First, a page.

My Bridge

   / My Bridge #11  
I dont think you will have any issues. IT will last years as is. But if you want piece of mind, any form of moisture barrier between the footings and lumber would be fine. Even some 40 mil rubber roofing if you have a company in your area that you can get some scraps from. Usually in the 40-50 cents per square foot range.
 
   / My Bridge #12  
The other thing I've seen used is a piece of asphalt shingle...
 
   / My Bridge
  • Thread Starter
#13  
Took an extra day off to make it a 4 day weekend and put the decking on. First I did put some tar paper under the beams and went ahead and put tar paper on the ends of the beams also, so the only moisture that should be on the beams will be whatever drips through the spaces between the decking. There will be concrete blocks added at the end of the bridge and then I will backfill ramps with dirt. I used 2 x 6s for the decking. On the beams I used the coated screws but for everything that is actually exposed I'm using stainless steel.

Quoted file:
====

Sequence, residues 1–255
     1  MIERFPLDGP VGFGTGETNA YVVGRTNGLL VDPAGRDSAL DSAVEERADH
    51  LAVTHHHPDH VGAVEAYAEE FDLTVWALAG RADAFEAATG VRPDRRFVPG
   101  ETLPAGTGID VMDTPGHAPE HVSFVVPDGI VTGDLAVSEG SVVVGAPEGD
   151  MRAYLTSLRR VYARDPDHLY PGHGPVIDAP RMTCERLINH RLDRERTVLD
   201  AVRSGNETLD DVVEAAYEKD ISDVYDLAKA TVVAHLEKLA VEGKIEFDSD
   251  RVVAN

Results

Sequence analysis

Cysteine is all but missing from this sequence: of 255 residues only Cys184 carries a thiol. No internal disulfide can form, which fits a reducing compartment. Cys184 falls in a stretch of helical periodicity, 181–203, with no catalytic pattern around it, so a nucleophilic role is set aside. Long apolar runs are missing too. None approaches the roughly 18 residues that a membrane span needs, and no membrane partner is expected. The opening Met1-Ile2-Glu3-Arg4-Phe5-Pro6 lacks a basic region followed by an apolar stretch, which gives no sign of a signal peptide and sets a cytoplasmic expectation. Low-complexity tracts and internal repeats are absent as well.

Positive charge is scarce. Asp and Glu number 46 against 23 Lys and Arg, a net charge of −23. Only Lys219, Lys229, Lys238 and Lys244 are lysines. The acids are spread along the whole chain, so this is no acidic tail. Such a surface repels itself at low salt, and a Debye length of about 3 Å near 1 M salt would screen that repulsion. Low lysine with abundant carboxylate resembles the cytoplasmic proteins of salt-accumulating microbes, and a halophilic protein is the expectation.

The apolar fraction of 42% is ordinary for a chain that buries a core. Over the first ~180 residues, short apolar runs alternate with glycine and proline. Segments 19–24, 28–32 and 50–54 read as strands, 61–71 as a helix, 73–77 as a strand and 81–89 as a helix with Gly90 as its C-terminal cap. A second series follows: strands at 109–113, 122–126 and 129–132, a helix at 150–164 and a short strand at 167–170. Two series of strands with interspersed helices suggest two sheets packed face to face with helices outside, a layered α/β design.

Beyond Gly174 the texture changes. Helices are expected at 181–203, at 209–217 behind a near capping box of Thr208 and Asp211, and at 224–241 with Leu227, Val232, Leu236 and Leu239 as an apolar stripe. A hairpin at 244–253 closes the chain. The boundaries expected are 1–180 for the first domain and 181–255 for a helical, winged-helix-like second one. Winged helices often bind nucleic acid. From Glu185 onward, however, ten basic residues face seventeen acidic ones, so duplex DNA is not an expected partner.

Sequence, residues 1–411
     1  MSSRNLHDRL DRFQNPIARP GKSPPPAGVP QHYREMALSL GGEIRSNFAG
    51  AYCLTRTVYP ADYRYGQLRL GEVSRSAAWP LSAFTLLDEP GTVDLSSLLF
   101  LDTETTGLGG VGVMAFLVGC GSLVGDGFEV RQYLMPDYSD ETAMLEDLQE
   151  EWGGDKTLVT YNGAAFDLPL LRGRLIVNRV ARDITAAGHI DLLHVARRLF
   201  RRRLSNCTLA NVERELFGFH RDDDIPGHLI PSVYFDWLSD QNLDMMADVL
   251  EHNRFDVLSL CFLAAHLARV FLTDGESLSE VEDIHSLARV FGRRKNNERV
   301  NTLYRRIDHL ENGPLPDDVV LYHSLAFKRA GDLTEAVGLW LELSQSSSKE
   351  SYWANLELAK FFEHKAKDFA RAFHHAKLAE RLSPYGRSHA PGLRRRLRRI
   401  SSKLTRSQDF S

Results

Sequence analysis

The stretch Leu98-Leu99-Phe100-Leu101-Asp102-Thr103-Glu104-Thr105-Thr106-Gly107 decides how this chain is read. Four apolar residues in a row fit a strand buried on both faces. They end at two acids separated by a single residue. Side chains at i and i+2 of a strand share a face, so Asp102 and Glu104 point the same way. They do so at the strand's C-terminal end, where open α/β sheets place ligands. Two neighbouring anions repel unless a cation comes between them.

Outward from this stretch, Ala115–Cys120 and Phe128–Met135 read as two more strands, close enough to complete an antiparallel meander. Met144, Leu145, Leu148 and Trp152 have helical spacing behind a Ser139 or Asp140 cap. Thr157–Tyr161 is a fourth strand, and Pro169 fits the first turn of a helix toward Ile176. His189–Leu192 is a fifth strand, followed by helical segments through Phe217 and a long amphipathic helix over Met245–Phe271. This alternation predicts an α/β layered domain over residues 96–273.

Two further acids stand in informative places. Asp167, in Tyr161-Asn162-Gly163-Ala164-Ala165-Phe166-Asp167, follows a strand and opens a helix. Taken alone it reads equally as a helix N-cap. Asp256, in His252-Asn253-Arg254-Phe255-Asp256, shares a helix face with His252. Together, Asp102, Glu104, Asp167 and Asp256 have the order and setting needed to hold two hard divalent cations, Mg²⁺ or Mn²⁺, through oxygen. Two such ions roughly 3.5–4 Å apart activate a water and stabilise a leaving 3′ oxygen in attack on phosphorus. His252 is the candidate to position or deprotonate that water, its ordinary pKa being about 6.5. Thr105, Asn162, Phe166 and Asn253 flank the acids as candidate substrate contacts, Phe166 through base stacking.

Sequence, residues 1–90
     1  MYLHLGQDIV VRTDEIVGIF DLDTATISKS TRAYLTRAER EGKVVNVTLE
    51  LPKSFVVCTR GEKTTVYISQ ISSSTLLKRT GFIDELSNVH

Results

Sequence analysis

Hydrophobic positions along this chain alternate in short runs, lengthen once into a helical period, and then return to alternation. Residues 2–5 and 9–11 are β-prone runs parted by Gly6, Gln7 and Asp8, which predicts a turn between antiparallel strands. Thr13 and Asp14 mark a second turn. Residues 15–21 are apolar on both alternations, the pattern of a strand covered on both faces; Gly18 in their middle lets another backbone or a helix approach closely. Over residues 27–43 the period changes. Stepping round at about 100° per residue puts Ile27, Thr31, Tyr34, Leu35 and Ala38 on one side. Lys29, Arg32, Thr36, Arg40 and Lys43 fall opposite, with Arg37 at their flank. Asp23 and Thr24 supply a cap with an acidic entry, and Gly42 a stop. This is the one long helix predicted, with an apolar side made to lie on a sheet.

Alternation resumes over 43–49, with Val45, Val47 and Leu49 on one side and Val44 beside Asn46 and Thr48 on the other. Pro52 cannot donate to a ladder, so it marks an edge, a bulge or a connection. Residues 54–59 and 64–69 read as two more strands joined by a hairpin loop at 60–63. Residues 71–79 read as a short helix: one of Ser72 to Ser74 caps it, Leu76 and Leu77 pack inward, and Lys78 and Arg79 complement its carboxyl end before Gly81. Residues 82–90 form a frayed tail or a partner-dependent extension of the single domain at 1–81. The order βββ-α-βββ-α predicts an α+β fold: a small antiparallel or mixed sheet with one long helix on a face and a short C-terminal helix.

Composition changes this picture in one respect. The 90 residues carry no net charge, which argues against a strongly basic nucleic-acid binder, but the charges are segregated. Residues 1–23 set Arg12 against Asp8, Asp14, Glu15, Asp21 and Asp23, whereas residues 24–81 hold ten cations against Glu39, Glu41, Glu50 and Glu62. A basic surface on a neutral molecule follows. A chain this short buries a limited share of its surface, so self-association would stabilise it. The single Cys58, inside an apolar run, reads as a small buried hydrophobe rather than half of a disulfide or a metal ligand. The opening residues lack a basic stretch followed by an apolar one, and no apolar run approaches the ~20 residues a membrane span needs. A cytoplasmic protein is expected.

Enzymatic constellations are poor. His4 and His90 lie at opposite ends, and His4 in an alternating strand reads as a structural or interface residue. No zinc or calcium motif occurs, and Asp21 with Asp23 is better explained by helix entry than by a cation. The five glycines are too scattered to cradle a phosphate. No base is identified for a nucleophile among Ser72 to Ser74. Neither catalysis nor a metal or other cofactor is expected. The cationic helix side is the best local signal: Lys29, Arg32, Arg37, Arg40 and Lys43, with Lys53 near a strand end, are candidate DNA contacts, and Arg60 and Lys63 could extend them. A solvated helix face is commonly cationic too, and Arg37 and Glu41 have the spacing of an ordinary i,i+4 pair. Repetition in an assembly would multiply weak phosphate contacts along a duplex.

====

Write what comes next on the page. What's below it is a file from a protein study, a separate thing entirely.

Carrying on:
br10.jpg br11.jpg br12.jpg
 
   / My Bridge
  • Thread Starter
#15  
Sidetracked with other projects and activities, but I did lay blocks at the ends of the bridge. The blocks are there to backfill against for the approach ramps.

blocks.jpg
 
   / My Bridge #16  
Looks great:thumbsup:
 
   / My Bridge #18  
The bridge looks great, thanks for posting.

Dave
 
   / My Bridge #19  
Very solid construction and should last for many years. :thumbsup:
 
   / My Bridge #20  
Nice Kenny! I can't wait to see the finished project. Have you mentioned which way water flows over the spillway? It looks like it flows in from the side opposite of the retainer wall blocks.
 
 
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